• Recommendations from various agencies and accreditation bodies such as the CDC, Advisory Committee on Immunization Practices (ACIP), Health Care Infection Control Practice Advisory Committee (HICPAC), and the Joint Commission formerly known as the Joint commission of the Accreditation of Healthcare Organizations (JCAHO) all stress the importance of annual flu vaccination for HCP for the prevention of subclinical and direct transmission of influenza to patients (Lugo, 2007). An evidence-based guideline recommending vaccination for healthcare personnel suggests annual influenza vaccination should be provided to all staff for protection of others as well as to reduce absenteeism; this recommendation is category 1 A whose definition includes "strongly recommended for implementation/strongly supported by well-designed experimental, clinical, or epidemiologic studies" (Pearson, Bridges & Harper, 2006, p. 4).
  • Rationale for increasing the rates of influenza vaccination for HCP are many. The foremost being the protection of patient, self, family and the community. Increasing the rate in each unit creates the potential for herd immunity protection which will extend outward towards the community as more and more people accept vaccination. In an already financially strapped health care system, decreasing the influenza disease burden will be a welcome relief. Nursing comprises the largest group of HCP and has the most contact with patients; we are in a unique position to directly impact the severity that this disease poses to the public's health.

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Module One Questions

A. Which statement is true regarding influenza:

  1. the incubation period lasts from 1 to 10 days
  2. transmission is not possible unless clinical symptoms are visible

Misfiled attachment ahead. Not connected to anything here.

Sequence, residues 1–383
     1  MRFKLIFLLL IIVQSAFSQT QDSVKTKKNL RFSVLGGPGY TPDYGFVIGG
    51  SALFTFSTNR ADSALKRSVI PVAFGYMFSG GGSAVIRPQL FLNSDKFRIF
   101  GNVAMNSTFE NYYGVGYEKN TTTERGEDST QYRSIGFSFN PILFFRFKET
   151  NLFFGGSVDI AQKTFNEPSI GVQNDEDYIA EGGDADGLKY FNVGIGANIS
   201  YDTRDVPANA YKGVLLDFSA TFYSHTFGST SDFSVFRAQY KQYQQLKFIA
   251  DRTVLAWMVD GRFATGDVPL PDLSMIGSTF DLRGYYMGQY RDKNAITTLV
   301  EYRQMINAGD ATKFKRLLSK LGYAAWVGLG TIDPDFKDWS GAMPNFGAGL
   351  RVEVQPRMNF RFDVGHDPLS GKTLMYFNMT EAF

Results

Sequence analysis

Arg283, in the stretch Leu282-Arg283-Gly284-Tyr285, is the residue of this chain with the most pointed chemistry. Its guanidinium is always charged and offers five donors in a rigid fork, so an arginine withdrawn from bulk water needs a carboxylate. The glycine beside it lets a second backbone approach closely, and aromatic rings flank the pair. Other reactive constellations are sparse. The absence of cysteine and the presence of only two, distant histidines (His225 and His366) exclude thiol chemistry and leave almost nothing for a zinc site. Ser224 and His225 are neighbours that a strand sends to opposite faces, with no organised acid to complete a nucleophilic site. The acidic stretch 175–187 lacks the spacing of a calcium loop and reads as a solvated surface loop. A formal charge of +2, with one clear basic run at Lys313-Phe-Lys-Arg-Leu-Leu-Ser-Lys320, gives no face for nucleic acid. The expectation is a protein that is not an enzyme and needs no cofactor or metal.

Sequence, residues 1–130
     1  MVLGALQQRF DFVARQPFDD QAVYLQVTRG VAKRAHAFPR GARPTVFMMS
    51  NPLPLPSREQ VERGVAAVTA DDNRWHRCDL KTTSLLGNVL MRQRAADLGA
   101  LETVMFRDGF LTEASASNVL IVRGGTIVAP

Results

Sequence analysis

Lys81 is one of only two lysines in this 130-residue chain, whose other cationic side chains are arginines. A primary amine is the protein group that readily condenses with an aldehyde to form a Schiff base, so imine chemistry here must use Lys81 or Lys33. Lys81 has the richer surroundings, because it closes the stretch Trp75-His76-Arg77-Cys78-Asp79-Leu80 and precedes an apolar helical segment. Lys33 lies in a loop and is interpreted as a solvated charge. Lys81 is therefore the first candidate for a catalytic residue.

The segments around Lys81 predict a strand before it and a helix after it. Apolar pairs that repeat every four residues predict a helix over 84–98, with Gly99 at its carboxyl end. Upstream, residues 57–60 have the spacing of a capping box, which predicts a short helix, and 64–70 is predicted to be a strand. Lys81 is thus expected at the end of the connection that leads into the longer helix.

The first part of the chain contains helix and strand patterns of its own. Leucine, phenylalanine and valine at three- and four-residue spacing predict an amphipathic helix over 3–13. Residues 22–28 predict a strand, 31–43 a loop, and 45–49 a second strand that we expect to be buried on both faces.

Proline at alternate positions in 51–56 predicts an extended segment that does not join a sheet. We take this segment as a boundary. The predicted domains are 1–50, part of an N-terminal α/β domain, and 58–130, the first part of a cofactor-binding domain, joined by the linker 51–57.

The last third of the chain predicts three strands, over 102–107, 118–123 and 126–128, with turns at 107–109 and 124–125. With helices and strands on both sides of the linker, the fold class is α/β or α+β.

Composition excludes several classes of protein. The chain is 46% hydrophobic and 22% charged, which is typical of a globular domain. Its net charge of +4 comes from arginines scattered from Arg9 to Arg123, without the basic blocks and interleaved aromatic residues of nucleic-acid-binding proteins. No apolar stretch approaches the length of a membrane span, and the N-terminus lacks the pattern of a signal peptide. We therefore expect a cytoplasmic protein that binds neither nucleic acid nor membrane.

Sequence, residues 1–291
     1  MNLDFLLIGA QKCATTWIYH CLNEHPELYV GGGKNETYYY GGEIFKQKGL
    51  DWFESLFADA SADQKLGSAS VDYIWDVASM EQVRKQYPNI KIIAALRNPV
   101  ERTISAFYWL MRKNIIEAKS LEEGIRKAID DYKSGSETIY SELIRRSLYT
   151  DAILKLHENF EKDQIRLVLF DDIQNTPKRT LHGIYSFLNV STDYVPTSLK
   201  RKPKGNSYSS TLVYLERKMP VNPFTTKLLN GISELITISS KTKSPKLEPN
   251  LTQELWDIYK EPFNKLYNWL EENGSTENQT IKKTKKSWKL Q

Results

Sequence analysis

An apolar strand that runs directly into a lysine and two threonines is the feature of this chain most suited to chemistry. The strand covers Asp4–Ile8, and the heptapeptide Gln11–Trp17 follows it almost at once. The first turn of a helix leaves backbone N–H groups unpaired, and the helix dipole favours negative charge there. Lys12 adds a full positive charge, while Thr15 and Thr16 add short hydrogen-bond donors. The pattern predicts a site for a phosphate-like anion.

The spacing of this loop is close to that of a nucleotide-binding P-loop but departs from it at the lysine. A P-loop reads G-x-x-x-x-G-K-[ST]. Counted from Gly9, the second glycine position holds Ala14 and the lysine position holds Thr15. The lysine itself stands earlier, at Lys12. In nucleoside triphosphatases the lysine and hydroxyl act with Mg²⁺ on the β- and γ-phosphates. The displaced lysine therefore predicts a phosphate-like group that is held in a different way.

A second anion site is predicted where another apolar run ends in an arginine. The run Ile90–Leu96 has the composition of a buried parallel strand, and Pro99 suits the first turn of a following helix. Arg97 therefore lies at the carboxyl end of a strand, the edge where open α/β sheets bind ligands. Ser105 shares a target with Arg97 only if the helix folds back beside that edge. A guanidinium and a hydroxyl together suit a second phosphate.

3. the rates of influenza are highest among children, but complications are highest in the 65 years or older population
  4. it is a bacterial infection and may be effectively treated with antibiotics
  5. all of the above

B. Which is not a true contraindication for TIV (injection)?

  1. previous reaction to influenza vaccine
  2. a baby at 5 months of age
  3. pregnancy
  4. an allergy to eggs
  5. none of the above

C. Which is not a true contraindication for LAIV (intranasal)?

  1. a child at 11 months of age
  2. pregnancy
  3. a 51 year old adult
  4. a 3 year old healthy child
  5. all of the above

D. Herd immunity is:

  1. responsible for pandemic transmission of influenza
  2. indirect protection of susceptible individuals e.g., a newborn who cannot receive vaccine
  3. important for cows, pigs, chickens, but is not beneficial to humans
  4. protection against cowpox
  5. none of the above

E. The efficacy of herd immunity has been demonstrated in studies. Which age group is often targeted to aid in the indirect protection of various populations?

  1. children
  2. adults
  3. seniors
  4. newborns
  5. all of the above

F. Recommendations from various agencies including the Joint Commission, CDC, ACIP, are clearly in support of annual vaccination for HCP. Why?

  1. the guidelines are evidence-based
  2. subclinical/clinical transmission for HCP has been documented
  3. to decrease transmission and increase protection of patients, self, family and community
  4. all of the above

G. The rationale for increasing the influenza vaccination rates for HCP includes:

  1. protecting patients from subclinical transmission via HCP
  2. increasing the overall vaccination rates which in turn increases herd immunity
  3. decreasing absenteeism
  4. helping to quell the financial burden of influenza upon the health care system
  5. all of the above
  • Answers:

A. 3, B. 3, C. 4, D. 2, E. 1, F. 4, G. 5